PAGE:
Etymology
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grateful (adj.)

1550s, "pleasing to the mind," also "full of gratitude, disposed to repay favors bestowed," from obsolete adjective grate "agreeable, pleasant," from Latin gratus "pleasing" (from suffixed form of PIE root *gwere- (2) "to favor"). "A most unusual formation" [Weekley]. A rare, irregular case of English using -ful to make an adjective from an adjective (the only other one I can find is direful "characterized by or fraught with something dreadful," 1580s). Related: Gratefully (1540s); gratefulness.

Grateful often expresses the feeling and the readiness to manifest the feeling by acts, even a long time after the rendering of the favor; thankful refers rather to the immediate acknowledgment of the favor by words. [Century Dictionary]
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ungrateful (adj.)
1550s, from un- (1) "not" + grateful. Related: Ungratefully.
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Grateful Dead 
San Francisco rock band, 1965, the name taken, according to founder Jerry Garcia, from a dictionary entry he saw about the folk tale motif of a wanderer who gives his last penny to pay for a corpse's burial, then is magically aided by the spirit of the dead person. A different version of the concept is found in the Egyptian Book of the Dead.
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*gwere- (2)

gwerə-, Proto-Indo-European root meaning "to favor."

It forms all or part of: agree; bard (n.); congratulate; congratulation; disgrace; grace; gracious; grateful; gratify; gratis; gratitude; gratuitous; gratuity; gratulation; ingrate; ingratiate.

It is the hypothetical source of/evidence for its existence is provided by: Sanskrit grnati "sings, praises, announces;" Avestan gar- "to praise;" Lithuanian giriu, girti "to praise, celebrate;" Old Celtic bardos "poet, singer."

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Deadhead (n.)
by 1974 in sense of "devotee of the rock music band the Grateful Dead;" earlier (with lower-case) "one who rides for free on the railroads" (1866), and "non-paying spectator" (1841).
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thankful (adj.)
Old English þancful "satisfied, grateful," also "thoughtful, ingenious, clever;" see thank + -ful. Related: Thankfully; thankfulness. Thankfully in the sense "thankful to say" is attested by 1966, but deplored by purists (compare hopefully).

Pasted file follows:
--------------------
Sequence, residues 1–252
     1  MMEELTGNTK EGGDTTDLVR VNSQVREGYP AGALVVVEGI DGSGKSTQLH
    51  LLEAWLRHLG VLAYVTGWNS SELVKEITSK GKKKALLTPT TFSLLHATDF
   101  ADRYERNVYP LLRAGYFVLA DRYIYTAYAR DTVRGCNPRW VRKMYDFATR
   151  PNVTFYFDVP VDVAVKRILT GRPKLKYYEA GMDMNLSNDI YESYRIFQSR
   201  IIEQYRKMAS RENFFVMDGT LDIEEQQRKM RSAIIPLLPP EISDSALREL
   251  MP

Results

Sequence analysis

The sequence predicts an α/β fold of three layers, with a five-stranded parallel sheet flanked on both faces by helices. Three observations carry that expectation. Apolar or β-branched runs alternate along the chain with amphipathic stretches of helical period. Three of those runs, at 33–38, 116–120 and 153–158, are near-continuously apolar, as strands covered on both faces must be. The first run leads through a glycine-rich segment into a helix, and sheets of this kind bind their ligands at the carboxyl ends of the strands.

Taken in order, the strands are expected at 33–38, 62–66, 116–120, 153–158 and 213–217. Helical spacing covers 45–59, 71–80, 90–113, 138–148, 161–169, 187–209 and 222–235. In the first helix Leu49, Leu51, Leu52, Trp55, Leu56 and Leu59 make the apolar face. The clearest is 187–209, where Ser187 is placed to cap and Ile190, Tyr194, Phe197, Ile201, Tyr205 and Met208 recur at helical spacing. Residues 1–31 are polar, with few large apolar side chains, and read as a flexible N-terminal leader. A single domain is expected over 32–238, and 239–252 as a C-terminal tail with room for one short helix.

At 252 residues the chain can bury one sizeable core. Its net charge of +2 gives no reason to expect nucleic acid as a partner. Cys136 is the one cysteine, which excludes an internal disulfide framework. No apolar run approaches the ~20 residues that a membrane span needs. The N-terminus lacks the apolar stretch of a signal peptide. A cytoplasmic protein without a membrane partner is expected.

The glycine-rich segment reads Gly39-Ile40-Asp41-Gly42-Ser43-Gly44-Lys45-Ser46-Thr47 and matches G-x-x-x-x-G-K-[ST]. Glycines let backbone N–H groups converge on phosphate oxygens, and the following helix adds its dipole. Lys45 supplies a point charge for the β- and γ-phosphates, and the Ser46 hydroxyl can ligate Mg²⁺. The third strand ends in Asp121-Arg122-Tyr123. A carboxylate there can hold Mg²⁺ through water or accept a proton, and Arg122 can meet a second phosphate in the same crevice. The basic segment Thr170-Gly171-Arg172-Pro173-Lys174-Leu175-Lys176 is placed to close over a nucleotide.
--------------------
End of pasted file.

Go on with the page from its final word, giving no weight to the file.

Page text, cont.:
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Eucharist (n.)

"sacrament of the Lord's Supper, the Communion," mid-14c., from Old French eucariste, from Late Latin eucharistia, from Greek eukharistia "thanksgiving, gratitude," later "the Lord's Supper," from eukharistos "grateful," from eu "well" (see eu-) + stem of kharizesthai "show favor," from kharis "favor, grace," from PIE root *gher- (2) "to like, want." Eukharisteo is the usual verb for "to thank, to be thankful" in Septuagint and Greek New Testament. Related: Eucharistic.

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resent (v.)

c. 1600, "feel pain or distress" (a sense now obsolete); 1620s, "take (something) ill, consider as an injury or affront; be in some degree angry or provoked at," from French ressentir "feel pain, regret," from Old French resentir "feel again, feel in turn" (13c.), from re-, here perhaps an intensive prefix (see re-), + sentir "to feel," from Latin sentire "to feel, think" (see sense (n.)).

It sometimes could have a positive sense in English, "appreciate, be grateful for" (1640s), but this is obsolete. Related: Resented; resenting.

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thanks (n.)

mid-13c., plural of thank (n.), from Old English þanc, þonc in its secondary sense "grateful thought, gratitude," from Proto-Germanic *thanka-, from the same root as thank (v.). In prehistoric times the Germanic noun seems to have expanded from "a thinking of, a remembering" to also mean "remember fondly, think of with gratitude." Compare Old Saxon thank, Old Frisian thank, Old Norse þökk, Dutch dank, German Dank. The Old English noun chiefly meant "thought, reflection, sentiment; mind, will, purpose," also "grace, mercy, pardon; pleasure, satisfaction."

As short for I give you thanks from 1580s; often with extensions, such as thanks a lot (1908). Spelling thanx attested by 1907.

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